Blac Chyna said Monday that she was "devastated" after reality star Rob Kardashian posted sexually explicit images of the model on Instagram and Twitter.
"This is a person that I trusted ... I felt comfortable, you know, with even sending these pictures and even talking to him about certain things," Chyna told "Good Morning America."
Her interview came as a Los Angeles court on Monday granted Chyna a temporary restraining order against Kardashian.
Los Angeles Superior Court Commissioner James E. Blancarte issued the order Monday pending a hearing set for Aug. 8. Blancarte did not detail what the restraining order restrictions would entail at a brief hearing. He said his primary concern was Kardashian and Chyna's infant.
Kardashian, 30, posted the images Wednesday while accusing Chyna, the mother of his child, of cheating on him.
Lisa Bloom, one of Chyna's attorneys, said the court imposed "very strong and enforceable orders" that barred Kardashian from coming near her client, cyberbullying her or posting anything about her online of a personal nature including photos and videos.
"Revenge porn is a form of domestic abuse and it is also a crime in California and 38 other states. It is wrong," Bloom said. "We are just delighted about the victory we had this morning."
Chyna spoke briefly outside the courthouse. "I would first and foremost like to thank the judge for granting me this restraining order to protect me and I am just going to go back to co-parenting Dream," she said, referring to her and Kardashian's daughter.
Robert Shapiro, Kardashian's attorney, said he was voluntary complying with the order and was most concerned with parenting his 9-month-old daughter. Kardashian did not appear in court but Shapiro spoke to the media on his behalf.
"I personally, on Mr. Kardashian's behalf, apologized and offered our regrets for what has taken place in the past couple of days, and now we move forward to do one thing and one thing only, whatever's in the best interest of this child," Shapiro said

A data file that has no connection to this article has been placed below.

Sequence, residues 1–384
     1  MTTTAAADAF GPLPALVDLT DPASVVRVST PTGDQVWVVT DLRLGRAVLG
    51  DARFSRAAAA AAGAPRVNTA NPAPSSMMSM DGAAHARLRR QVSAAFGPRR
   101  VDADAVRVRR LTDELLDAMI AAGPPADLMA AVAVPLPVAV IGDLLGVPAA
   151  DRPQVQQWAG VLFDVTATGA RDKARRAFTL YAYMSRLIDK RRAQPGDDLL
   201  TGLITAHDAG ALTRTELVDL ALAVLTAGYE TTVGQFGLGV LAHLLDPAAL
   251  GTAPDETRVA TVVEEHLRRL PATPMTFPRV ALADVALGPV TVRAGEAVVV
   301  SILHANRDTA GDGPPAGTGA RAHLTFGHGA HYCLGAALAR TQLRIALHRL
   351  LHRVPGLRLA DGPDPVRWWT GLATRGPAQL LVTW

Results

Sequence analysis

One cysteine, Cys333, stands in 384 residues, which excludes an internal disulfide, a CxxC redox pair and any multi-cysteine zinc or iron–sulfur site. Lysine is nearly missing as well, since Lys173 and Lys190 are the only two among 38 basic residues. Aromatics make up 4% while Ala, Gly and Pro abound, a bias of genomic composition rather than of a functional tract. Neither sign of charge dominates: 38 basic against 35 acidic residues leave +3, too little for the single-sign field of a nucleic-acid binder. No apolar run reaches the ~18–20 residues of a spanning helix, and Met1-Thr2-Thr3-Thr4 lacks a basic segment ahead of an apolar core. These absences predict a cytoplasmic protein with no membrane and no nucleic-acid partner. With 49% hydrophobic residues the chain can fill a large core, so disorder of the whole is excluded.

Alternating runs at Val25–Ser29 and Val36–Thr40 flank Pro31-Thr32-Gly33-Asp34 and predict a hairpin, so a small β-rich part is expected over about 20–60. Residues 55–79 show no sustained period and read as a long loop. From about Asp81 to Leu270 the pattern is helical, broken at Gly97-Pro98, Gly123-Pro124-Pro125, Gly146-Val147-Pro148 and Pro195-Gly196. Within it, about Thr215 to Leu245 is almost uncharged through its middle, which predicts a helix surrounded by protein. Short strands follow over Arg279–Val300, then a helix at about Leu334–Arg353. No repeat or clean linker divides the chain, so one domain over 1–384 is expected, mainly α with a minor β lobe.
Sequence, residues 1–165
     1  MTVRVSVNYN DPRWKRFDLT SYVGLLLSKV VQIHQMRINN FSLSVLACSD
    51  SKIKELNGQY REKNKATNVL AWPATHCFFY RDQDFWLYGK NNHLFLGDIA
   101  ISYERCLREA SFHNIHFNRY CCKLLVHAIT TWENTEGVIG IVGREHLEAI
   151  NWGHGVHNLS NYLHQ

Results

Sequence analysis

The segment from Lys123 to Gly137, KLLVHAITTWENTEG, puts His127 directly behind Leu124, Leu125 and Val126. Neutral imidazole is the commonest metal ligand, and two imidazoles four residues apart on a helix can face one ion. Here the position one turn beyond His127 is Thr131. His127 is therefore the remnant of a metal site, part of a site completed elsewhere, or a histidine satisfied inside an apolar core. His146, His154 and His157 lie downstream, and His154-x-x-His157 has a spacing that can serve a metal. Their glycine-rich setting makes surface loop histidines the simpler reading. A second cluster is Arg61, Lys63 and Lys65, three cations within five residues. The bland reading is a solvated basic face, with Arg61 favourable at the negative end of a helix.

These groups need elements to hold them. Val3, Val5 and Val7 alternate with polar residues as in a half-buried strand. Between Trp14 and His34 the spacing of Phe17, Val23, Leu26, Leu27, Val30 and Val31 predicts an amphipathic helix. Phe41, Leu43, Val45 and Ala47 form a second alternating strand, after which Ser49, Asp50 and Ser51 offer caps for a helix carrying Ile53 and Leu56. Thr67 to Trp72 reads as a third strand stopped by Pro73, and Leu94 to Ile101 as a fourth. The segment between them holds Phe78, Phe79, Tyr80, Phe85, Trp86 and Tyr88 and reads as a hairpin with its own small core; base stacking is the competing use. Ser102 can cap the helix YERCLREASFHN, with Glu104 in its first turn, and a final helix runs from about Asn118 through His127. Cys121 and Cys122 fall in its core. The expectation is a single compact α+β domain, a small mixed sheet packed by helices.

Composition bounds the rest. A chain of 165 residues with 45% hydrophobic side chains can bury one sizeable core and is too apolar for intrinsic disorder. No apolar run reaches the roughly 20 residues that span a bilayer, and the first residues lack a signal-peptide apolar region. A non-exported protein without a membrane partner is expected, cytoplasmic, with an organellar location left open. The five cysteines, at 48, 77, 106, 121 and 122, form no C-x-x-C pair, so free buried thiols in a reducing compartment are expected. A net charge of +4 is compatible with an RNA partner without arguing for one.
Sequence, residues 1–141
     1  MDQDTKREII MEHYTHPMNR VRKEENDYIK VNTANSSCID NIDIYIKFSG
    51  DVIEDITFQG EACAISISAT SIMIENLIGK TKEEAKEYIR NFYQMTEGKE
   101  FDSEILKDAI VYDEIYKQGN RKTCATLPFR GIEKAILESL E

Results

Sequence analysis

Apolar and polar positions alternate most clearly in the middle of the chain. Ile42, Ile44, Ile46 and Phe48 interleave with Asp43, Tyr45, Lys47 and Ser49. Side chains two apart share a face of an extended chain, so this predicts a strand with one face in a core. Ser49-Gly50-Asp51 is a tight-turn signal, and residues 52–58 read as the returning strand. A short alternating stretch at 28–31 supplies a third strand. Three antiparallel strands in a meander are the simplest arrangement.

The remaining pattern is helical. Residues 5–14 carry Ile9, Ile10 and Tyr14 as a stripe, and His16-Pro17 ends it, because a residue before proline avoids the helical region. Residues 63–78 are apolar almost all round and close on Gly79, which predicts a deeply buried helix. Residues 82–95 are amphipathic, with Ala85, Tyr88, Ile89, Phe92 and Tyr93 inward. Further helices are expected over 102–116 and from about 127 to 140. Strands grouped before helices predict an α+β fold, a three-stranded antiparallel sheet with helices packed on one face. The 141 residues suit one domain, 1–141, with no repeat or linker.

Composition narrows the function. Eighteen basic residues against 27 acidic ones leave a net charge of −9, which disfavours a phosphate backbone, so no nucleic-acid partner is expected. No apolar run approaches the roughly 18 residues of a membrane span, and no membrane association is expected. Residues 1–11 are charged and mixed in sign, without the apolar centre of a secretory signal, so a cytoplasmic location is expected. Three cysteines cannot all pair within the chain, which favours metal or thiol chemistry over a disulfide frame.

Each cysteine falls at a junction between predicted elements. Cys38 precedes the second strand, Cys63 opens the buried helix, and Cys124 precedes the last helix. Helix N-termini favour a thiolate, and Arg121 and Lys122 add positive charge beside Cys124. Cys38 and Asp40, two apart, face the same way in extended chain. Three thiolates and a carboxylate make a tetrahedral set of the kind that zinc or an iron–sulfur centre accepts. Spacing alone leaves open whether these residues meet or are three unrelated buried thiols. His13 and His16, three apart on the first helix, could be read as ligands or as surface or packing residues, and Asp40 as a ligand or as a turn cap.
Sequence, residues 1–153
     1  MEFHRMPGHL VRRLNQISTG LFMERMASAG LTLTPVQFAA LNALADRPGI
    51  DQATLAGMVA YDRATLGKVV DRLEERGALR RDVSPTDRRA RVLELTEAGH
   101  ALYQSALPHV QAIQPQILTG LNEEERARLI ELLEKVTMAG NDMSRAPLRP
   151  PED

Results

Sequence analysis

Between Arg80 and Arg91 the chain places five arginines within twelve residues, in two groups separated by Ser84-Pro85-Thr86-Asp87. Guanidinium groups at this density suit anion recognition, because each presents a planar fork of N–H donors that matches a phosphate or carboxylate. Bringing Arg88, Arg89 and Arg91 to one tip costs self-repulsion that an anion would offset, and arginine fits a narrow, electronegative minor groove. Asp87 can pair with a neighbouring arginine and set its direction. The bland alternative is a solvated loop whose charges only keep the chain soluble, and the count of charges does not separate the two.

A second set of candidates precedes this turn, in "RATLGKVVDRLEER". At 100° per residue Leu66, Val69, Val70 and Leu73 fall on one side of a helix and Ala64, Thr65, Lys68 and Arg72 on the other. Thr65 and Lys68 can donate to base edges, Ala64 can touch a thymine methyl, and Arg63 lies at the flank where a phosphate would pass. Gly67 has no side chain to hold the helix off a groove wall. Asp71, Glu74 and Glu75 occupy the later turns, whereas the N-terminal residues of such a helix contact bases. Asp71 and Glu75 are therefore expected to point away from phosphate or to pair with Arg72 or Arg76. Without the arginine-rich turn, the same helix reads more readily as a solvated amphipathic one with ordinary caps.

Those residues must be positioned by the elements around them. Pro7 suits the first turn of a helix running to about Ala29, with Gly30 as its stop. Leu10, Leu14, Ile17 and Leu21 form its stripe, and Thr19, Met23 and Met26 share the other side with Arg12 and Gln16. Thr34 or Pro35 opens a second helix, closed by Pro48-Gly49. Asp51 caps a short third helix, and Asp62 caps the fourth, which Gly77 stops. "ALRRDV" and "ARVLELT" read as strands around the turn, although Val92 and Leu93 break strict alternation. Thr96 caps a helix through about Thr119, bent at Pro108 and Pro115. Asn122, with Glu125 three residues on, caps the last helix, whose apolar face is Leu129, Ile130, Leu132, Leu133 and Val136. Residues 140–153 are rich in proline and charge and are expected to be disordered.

Some legal experts have said the posts could be problematic because in 2013, California lawmakers passed a law penalizing what is known as "nonconsensual pornography." A violation of the law is a misdemeanor resulting in up to six months in jail.
Chyna ended her relationship with Kardashian months ago, Bloom said, and "has the right to live as she chooses, work as she chooses, dress as she chooses, date who she chooses and be intimate with who she chooses."
"Chyna and I both believe that this is an important women's rights issue, as too many women and girls have been slut-shamed by exes." Bloom added. "It stops now…. Her body, her choice. Her life, her choice. Back off."
Los Angeles County sheriff's officials, whose jurisdiction includes Kardashian's residence, said they have not received any complaints about his postings. That would be required for any kind of investigation to begin. Attorneys for Kardashian did not return messages this week.
The Associated Press contributed to this report.
11:30 a.m.: This article was updated with comments from Bloom and Shapiro.